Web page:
Jesus offered Himself. Completely.

When He met a tax collector who’d swindled money from others, He didn’t list all the man’s sins. Instead, He drew the man close, saying, “Come down immediately. I must stay at your house today” (Luke 19:5, NIV).

Relationships change people. When healthy and filled with grace, they give others a safe place to land, to become honest with themselves and others, and to grow.

Deal with things as they come then move on.

When our daughter was a teenager, she and I went through a “passive aggressive” phase where we routinely threw snarky comments at one another. Whenever we took time to unpack these interactions, we learned one of us had spoken out of hurt or fear. Watch others, or even better, analyze yourself, and I suspect you’ll discover the same.

Usually, this behavior stems from aversion to conflict, yet that is precisely where it leads—to ongoing, unresolved conflict. We discovered how important, how healing and powerful, it can be to simply state our feelings and concerns. This allowed us to deal with them honestly and fully—to get to the real issue, which so often wasn’t what we originally suspected. Then, once we’d addressed that, we moved on, grudge and hostility free.

Granted, I’ll never love others as Christ loves me. I’ll have moments of snark, of hurt feelings and misperceptions, but I want to grow in this area. I want to create a culture of grace, where relationships are prioritized over mistakes and poor behavior and growth is valued above perfection.

Let’s talk about this! What are some ways you’ve experienced grace-based relationships? Can you share any examples with us? What are some ways you try to intentionally create a culture of grace, and what results have you seen?

Speaking of living in and giving out grace, have you grabbed your free copy of Becoming His Princess yet? You can do HERE.

cover for Bible studyDo you ever feel insignificant or unseen? As if what you do or even who you are isn’t quite good enough? Does your confidence level vary based on who you’re around and how their bank account or how accomplishment list compares to yours? If so, this study, based on the life of Sarah from the Old Testament Scriptures, is for you.

For seven weeks, we’ll follow her uncertain and at times terrifying journey from the ancient Mesopotamian city of Ur to the land promised to her husband, and ultimately, the place of rest God beckons each of us toward. He met her in the middle of her pain, her shame, and all her striving, and rewrote her story—through grace. A grace bigger than her greatest failures and that proved sufficient for all her insufficiencies.Step by step, God taught this once-scorned woman to live as His beloved, His princess.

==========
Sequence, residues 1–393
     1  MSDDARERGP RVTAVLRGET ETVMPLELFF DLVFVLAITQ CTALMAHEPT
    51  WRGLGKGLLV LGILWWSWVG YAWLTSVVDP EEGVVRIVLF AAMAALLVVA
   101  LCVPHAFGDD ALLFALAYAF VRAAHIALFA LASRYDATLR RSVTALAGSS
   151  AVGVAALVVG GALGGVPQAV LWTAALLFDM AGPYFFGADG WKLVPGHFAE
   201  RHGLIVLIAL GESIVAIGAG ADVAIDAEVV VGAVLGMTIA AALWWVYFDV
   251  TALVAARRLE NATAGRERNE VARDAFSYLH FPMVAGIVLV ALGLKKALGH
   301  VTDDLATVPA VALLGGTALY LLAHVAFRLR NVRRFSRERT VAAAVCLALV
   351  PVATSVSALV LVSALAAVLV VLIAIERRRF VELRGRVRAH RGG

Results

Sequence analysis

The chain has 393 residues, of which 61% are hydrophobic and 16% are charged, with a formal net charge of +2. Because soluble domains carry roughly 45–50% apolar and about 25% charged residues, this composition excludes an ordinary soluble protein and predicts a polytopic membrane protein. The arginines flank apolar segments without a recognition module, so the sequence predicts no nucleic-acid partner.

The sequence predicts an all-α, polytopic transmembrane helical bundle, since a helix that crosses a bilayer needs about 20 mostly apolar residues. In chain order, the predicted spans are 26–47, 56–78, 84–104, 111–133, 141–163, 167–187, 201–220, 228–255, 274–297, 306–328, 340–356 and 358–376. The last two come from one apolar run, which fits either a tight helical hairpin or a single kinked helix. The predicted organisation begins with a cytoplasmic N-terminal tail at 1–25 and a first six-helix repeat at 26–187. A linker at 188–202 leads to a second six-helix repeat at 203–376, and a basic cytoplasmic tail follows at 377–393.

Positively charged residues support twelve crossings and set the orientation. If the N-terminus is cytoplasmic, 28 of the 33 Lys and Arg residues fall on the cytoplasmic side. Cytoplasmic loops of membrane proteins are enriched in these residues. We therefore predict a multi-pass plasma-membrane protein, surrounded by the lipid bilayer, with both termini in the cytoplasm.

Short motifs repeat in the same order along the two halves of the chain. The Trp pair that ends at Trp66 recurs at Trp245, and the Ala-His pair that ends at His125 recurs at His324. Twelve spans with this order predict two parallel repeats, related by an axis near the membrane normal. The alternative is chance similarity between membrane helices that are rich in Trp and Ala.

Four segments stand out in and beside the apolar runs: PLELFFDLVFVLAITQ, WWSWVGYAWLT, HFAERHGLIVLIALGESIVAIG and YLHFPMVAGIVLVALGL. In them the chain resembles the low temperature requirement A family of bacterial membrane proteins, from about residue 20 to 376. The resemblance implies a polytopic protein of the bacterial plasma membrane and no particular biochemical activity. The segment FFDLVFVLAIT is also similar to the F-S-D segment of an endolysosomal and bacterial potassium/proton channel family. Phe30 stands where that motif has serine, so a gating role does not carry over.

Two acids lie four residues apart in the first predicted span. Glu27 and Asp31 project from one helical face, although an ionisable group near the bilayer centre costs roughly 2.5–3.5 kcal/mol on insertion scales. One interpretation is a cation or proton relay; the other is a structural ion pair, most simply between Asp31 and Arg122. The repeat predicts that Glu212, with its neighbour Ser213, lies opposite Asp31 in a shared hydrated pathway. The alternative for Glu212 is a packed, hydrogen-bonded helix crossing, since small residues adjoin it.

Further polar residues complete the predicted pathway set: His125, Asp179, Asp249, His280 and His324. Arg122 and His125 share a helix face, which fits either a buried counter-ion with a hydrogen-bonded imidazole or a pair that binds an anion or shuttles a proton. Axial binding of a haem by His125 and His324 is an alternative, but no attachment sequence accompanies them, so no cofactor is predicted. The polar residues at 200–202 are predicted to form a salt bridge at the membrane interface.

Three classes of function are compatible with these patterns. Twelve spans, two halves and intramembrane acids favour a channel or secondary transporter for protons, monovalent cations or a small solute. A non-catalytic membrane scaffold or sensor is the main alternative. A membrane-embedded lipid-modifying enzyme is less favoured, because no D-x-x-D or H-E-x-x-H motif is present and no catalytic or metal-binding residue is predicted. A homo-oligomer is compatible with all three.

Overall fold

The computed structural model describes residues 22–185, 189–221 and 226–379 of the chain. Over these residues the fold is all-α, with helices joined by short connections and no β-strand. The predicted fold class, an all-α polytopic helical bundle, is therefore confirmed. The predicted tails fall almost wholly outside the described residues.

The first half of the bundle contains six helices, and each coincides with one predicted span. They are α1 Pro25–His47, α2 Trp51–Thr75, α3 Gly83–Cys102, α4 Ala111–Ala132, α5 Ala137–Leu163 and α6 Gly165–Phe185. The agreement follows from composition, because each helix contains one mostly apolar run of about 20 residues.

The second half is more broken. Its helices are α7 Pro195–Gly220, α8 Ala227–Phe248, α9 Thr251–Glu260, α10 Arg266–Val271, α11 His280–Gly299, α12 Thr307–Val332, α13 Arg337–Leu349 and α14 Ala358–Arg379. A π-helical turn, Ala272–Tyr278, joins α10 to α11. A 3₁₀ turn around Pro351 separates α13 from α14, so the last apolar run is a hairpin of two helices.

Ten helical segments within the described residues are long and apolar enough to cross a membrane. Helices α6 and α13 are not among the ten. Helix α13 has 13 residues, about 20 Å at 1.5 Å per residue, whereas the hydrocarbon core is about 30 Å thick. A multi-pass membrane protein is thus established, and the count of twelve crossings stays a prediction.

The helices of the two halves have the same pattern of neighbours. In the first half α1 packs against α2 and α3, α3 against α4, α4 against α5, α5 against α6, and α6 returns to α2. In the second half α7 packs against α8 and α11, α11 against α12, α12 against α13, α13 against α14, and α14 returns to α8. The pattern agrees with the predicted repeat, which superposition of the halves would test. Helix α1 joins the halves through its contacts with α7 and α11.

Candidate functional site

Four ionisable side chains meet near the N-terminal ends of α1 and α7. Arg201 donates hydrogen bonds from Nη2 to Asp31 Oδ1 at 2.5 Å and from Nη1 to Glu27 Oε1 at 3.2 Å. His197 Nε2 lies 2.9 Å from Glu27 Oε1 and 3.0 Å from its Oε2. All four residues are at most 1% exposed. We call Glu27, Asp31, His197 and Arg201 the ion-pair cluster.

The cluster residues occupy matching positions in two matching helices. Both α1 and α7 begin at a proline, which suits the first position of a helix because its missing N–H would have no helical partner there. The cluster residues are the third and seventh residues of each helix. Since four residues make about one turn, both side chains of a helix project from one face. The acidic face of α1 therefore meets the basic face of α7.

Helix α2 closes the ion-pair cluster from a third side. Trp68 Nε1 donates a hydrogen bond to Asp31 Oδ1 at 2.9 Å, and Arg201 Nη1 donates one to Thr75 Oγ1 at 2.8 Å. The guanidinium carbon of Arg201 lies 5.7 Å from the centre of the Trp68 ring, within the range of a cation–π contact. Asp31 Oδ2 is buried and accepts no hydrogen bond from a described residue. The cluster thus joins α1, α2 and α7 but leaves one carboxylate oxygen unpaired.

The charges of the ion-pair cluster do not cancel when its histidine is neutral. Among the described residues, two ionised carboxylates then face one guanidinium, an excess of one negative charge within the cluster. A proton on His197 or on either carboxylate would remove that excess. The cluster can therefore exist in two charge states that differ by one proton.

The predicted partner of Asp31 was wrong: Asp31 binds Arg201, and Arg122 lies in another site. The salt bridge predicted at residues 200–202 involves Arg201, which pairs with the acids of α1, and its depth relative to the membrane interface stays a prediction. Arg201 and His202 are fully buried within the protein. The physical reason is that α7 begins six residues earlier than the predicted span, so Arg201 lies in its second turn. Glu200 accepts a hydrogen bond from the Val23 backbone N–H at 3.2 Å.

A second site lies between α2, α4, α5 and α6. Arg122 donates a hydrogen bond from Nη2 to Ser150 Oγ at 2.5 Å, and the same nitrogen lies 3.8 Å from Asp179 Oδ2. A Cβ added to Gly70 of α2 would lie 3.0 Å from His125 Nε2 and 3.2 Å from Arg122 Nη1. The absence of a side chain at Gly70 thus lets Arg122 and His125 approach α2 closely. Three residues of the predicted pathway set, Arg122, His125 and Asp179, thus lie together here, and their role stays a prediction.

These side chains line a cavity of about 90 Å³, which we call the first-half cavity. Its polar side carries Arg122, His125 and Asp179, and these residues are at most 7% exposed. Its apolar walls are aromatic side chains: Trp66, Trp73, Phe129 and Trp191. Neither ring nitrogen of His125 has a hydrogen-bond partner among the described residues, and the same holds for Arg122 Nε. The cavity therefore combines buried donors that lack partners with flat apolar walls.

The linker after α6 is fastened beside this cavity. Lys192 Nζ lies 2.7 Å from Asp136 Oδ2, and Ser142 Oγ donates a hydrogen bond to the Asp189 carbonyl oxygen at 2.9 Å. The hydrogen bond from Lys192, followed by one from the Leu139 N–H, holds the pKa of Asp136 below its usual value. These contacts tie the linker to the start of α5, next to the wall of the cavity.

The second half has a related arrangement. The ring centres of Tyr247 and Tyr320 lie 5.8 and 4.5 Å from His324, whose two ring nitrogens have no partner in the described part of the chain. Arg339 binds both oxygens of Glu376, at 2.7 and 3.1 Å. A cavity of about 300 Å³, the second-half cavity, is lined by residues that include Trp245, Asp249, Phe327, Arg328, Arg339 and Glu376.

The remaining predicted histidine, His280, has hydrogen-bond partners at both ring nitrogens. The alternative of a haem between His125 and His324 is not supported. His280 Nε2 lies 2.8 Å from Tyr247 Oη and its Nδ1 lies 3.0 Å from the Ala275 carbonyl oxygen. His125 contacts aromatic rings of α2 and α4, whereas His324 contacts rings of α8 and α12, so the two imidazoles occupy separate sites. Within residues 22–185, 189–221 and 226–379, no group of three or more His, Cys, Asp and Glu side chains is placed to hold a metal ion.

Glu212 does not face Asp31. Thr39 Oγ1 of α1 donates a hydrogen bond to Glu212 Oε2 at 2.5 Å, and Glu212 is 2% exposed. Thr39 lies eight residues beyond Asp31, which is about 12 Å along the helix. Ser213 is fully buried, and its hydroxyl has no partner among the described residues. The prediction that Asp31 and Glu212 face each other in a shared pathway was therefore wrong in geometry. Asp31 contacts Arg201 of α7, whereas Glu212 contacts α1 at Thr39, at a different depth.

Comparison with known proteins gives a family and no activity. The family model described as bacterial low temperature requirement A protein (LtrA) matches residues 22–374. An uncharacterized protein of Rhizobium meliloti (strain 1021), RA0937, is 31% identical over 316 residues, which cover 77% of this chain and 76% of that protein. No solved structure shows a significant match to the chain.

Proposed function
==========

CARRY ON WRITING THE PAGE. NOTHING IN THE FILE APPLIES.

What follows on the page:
As we follow her journey recorded in the pages of Scripture, He’ll help us do the same. We’ll learn to center our identity in Christ, recognize His power and presence in our most challenging circumstances, find rest from our striving, and live daily in His grace.

And before you go, fun news! Christina Sparks, you won a copy of Janet Thompson’s book, Everyday Brave! I’ll email you soon to connect you with her so you can get her your mailing address. Thanks for engaging with us last week!

Forgiveness quote by Martin Luther King, Jr.

The deeper the hurt or betrayal, the harder it is to forgive. There was a time when I viewed forgiveness as a self-sacrificing act of obedience. I’ve since realized, however, the enslaving power of nursed grudges and the incredible healing and joy that comes when we relinquish an offense.

My guest today, Tamera Kraft, shares her thoughts regarding a time when someone she cared about hurt her deeply and how God not only met her in that place but helped her move forward in freedom.

Freedom Through Forgiveness

By Tamera Kraft

A close friend decided to ghost me. She stopped being my friend, ignored me, and wouldn’t say why. Once in the grocery store, she saw me and darted to the next aisle to avoid saying hi. Then she started telling lies about me. Though I knew God commanded me to forgive, doing so didn’t feel fair.